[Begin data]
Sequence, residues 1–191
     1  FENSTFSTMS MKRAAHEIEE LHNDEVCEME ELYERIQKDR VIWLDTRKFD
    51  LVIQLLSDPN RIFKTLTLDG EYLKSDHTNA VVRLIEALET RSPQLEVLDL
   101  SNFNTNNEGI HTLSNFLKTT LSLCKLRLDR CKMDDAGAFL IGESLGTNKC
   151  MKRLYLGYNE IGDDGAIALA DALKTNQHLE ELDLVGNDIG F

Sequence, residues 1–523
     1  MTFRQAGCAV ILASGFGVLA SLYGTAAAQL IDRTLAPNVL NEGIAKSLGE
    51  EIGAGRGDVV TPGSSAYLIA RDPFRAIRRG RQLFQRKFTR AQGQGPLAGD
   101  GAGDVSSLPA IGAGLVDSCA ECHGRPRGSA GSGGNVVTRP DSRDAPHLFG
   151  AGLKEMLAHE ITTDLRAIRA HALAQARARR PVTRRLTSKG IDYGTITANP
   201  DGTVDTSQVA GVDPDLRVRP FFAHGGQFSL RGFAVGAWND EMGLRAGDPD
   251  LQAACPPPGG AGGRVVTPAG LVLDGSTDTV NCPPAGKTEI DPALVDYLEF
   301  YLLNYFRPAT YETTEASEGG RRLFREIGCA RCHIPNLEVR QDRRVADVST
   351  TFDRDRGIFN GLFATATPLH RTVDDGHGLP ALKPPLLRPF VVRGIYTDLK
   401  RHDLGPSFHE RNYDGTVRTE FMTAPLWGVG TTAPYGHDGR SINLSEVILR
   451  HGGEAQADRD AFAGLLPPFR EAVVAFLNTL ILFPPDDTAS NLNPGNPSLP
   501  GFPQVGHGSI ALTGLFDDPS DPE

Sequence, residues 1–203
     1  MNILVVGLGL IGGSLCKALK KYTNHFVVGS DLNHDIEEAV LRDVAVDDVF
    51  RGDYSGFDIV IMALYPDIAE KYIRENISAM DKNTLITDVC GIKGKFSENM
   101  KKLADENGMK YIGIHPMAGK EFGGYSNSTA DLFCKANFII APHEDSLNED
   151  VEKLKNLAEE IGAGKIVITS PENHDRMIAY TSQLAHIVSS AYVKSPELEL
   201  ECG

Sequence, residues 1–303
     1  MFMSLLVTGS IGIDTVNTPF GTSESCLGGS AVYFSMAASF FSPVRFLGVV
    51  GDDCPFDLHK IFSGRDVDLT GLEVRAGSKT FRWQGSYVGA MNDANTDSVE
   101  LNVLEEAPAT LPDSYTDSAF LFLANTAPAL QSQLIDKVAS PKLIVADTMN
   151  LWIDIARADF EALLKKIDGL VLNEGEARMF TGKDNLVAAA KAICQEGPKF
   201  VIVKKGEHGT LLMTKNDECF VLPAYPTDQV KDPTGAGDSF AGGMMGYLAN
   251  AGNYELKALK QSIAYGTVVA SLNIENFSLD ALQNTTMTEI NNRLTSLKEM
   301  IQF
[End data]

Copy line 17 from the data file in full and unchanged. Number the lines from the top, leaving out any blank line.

   501  GFPQVGHGSI ALTGLFDDPS DPE